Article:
Commentary: Line between 'mainstream' and 'tabloid' getting blurry

John Edwards 'Nightline' mea culpa sparked media flurry

It has been 10 days since John Edwards went on "Nightline" for the requisite mea culpa exercise with ABC News' Bob Woodruff, having to answer for an adulterous relationship and bad judgment and all of that. It sparked a media feeding frenzy and all variety of questions about the line between tabloid and mainstream journalism and what constitutes a real story and blah blah blah.

The news wasn't that Edwards did it; politicians have been behaving badly since there have been politicians. It wasn't even that he screwed around on a wife struggling with a cancer diagnosis. Men who stray don't seem to be terribly particular about the circumstances surrounding their philandering.

No, the real story seemed to be that the Edwards furor being trumpeted on ABC News didn't seem to infuse the story with automatic credibility. By the time the interview ran on "Nightline" late on a Friday night (designed to minimize its impact in the news cycle), the scandal already had its way in cyberspace and on "Access Hollywood" as well as CNN, MSNBC and Fox News.

This was less about the fact it was a big-time network news organization and more that Edwards had sat for an interview with anybody. If he had done it with the National Enquirer and video snippets ran online, it would have had exactly the same impact.

In other words, "mainstream" and "tabloid" are labels that really don't matter anymore. "Nightline" appears to be less relevant than a streaming video that goes viral or a bold-type headline on the Drudge Report. Edwards made the curious choice of going on network news thinking that he was operating in the same world as Pat O'Brien seeking forgiveness with Dr. Phil, or Michael Jackson with Oprah, or any number of badly behaving celebrities with Barbara Walters or Diane Sawyer.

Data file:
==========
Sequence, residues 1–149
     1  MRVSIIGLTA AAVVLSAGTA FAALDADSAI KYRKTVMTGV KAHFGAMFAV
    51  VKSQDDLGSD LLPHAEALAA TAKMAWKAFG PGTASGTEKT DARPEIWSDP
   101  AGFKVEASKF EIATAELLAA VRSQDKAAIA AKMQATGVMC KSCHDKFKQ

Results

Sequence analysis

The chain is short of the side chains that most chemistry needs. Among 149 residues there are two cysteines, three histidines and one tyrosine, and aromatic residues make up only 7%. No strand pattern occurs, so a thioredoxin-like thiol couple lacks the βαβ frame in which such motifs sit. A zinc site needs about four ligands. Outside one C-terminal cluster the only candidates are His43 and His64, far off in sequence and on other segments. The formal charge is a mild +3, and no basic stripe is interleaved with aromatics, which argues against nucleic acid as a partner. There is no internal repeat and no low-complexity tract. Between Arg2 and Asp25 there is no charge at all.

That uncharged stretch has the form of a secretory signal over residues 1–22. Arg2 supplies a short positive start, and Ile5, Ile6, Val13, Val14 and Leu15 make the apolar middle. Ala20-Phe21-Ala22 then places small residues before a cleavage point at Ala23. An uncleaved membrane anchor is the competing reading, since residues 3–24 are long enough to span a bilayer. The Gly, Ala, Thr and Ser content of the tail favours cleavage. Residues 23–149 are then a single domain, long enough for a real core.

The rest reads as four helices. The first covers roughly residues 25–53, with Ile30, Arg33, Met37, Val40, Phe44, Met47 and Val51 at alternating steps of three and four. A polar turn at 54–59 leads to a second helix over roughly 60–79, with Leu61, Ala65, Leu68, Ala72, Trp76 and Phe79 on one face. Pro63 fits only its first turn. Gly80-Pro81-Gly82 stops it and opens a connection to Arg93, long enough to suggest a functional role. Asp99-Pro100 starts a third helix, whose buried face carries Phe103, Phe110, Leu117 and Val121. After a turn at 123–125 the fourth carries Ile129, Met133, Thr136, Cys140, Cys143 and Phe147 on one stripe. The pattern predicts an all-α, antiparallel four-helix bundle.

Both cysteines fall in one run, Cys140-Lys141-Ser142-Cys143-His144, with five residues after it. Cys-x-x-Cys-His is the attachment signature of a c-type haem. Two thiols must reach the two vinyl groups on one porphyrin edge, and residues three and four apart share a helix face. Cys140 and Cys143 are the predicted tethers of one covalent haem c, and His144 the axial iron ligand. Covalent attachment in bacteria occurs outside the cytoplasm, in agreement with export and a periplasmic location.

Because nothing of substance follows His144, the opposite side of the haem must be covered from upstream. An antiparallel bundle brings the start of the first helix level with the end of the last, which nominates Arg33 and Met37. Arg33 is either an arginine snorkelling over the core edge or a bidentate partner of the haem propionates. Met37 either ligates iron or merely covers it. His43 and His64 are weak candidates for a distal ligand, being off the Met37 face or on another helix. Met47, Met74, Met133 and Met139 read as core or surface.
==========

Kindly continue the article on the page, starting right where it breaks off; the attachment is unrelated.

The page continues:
Those were your daddy's confessionals. The truth as it stands now is that seeking forgiveness on national television is officially passé.

The "Nightline" ratings bear out the fact that Edwards erred big time in believing he could diffuse a political minefield with a few choice quotes on a late-night news program. The ratings didn't move on Aug. 8; they didn't go up, they didn't go down. It was just another night. Business as usual.

In a YouTube world, the question shouldn't be whether a sinner can find public repentance on a television screen but whether anyone cares enough to watch at all. The immediate answer appears to be "no." Why? Because we don't need a top-level news organization to convey heft onto a story anymore. The Internet takes care of that. And what the Internet misses, the tabloids pick up.

Here we had by all appearances a rare major news event broken by a television network. But the big "get" in this case wasn't that Edwards had copped to sexual infidelity to a major news organization. It was that he talked about it. His mistake was in believing that the ABC News part of the equation would somehow quell the sleaze aspect. Instead, all it did was give the story more time to percolate as a joint venture of the Enquirer (first) and ABC (now).

Going forward, the lesson is that it's foolhardy to expect the news cycle to wait until 11:35 p.m. before bestowing credence onto a big story. ABC's release of the Edwards news that Friday morning served to essentially take any steam from its "exclusive."

But ABC News isn't to blame. The truth is that the ballyhooed networks no longer have the presumption of authority once attached to their reportage. They are simply the Enquirer with better access.

These days, the line that purportedly separates them can't be discerned with the naked eye.
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